Delicate, ethereal, muted; these are the words that I think of when describing some other album by some other band. Mind Palace Of The Mushroom God by Dungeon Weed, on the other hand, is an album I was recently discussing in derisive tones with my fellow boffins in the top-secret underground bunker of The Sleeping Shaman. It came up as a prime example of the glut of silly weed/bong/dope band names in the heavy underground.
After enjoying several rounds of haughty laughter worthy of a French Taunter, I hit upon a radical idea; perhaps I should actually listen to it! After all, Forbidden Place have released so much cool stuff – what harm could there be? Upon doing so, and reporting that it was actually pretty good, our tyrannical overlord Lee promptly declared that if I didn’t immediately write a mighty review, he would strangle my pet goldfish Dennis [honest guvnor I really didn’t – Ed]. Shaking with fear, but remembering my oath, I opened pretentiousmusicjournalistthesaurus.com in my browser and began to write:
Let’s start with the silly name and the lurid cover art – what’s going on here? Well, in future years we’ll look back on 2020 and ask each other, ‘What did you get up to during lockdown?’ If your name is Dmitri Mavra, better known as guitarist for retro rockers Skunk, your answer might be: ‘I dug out my mint condition 1st edition D&D Monster Manual, ingested some psychoactives, and started writing wizard-themed stoner/sludge.’
It’s a concept album with a fully developed story, and it’s silly, fun, and heavy. If you’re interested in the storyline, check out Dungeon Weed’s bandcamp for a detailed synopsis. Mavra takes care of guitar, bass, synth, vocals, lyrics, composition, recording, and cover art, but is obviously far too lazy to provide the drums or backing vocals. These are provided by Chris McGrew and Thia Moonbrook respectively.
The drums are on point, and the synths are a real creepy treat: sometimes abstract and atmospheric, sometimes shimmering and throbbing along with the trudging guitars…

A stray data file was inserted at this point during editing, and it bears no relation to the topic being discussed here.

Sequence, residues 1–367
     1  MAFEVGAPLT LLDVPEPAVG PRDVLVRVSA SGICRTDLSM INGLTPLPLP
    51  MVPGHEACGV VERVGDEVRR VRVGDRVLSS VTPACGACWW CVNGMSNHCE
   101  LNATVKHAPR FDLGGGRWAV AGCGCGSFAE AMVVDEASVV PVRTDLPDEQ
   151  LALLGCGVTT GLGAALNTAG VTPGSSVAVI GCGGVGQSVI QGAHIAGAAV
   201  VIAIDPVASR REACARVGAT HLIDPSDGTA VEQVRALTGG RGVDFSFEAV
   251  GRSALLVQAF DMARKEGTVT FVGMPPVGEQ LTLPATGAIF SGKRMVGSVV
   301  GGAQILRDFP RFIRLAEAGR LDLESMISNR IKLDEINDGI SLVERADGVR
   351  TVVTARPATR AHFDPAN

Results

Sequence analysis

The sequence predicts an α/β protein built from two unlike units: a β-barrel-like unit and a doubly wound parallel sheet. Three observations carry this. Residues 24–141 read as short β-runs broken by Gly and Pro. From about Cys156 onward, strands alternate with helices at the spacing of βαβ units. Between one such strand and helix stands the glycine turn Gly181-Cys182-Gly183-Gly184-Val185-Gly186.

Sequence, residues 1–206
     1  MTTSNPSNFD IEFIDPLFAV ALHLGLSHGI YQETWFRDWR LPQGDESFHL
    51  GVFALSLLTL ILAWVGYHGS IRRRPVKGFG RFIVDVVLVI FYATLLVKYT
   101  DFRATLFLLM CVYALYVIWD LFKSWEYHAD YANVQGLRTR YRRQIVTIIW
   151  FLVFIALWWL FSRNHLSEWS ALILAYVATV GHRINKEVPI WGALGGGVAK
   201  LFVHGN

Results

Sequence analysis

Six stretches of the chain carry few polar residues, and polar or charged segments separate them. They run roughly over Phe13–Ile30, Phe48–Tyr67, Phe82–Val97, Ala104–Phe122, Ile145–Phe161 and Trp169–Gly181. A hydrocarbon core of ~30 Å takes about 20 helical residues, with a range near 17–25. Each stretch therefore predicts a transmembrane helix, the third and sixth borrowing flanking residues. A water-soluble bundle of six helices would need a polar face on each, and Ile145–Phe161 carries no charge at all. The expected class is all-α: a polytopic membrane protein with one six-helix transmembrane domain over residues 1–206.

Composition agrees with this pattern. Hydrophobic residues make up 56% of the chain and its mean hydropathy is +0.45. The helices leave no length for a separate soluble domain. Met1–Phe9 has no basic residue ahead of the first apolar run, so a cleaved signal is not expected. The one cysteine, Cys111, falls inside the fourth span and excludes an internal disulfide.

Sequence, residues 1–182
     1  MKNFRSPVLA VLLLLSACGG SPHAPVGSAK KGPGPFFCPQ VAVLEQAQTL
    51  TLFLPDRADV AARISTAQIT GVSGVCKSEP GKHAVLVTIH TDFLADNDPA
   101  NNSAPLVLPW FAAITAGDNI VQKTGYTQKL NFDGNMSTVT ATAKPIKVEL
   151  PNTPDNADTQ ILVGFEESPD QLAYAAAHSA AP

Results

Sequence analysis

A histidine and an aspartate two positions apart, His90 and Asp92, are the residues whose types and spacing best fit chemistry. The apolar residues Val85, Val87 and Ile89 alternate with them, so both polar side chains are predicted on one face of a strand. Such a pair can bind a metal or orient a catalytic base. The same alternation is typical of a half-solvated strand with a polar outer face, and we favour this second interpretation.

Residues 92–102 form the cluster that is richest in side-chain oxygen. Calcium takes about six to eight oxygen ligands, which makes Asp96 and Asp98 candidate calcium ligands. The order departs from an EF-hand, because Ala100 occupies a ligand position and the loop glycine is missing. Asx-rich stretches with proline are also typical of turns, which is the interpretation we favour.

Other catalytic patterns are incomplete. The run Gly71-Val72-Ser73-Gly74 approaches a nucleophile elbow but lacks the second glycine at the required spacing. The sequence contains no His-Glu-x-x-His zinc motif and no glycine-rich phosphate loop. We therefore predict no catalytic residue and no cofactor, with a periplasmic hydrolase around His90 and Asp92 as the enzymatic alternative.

The music itself is a lurching, lumbering amalgam of stoner, doom, and sludge. Orcus Immortalis begins proceedings with a hefty mid-paced swagger, and quickly introduces a style of male-female dual vocals fairly unique in modern heavy music. Thia Moonbrook’s vocals have a soaring Grace Slick quality to them, and Mavra’s hoarse growl has more in common with Captain Beefheart or Howlin’ Wolf than anything you’d hear in death or doom, for example. It’s even got a touch of Beefheart’s off-kilter melodies.
Mavra’s got a couple of extra vocal tricks up his sleeve too. In the aptly named Lumbering Hell, the vocals are more akin to a death growl, and in Sorceror With The Skull Face, he briefly opens right up to an anguished grunge howl.
The drums are on point, and the synths are a real creepy treat: sometimes abstract and atmospheric, sometimes shimmering and throbbing along with the trudging guitars. They’re often barely audible through the mire, but add a palpable density to riff-and-vocal based passages, and extra structure for the tasty leads.
So there you go – Mind Palace Of The Mushroom God kinda does what it says on the tin. You get bludgeoning downtuned riffs beefed up by menacing synths. You get amorphous black pseudopods and undead sorcerers with wicked purple moustaches. You get unearthly vocals that may actually have been created when an unscrupulous gang of sludge-loving thugs travelled back in time to kidnap Don Van Vliet and Grace Slick for their nefarious songwriting plans. Maybe, like me, you get to stop taking yourself so seriously and listen to some cool tunes.
(At the time of publishing, Dennis the goldfish is alive and well.)
Scribed by: Rob Bryant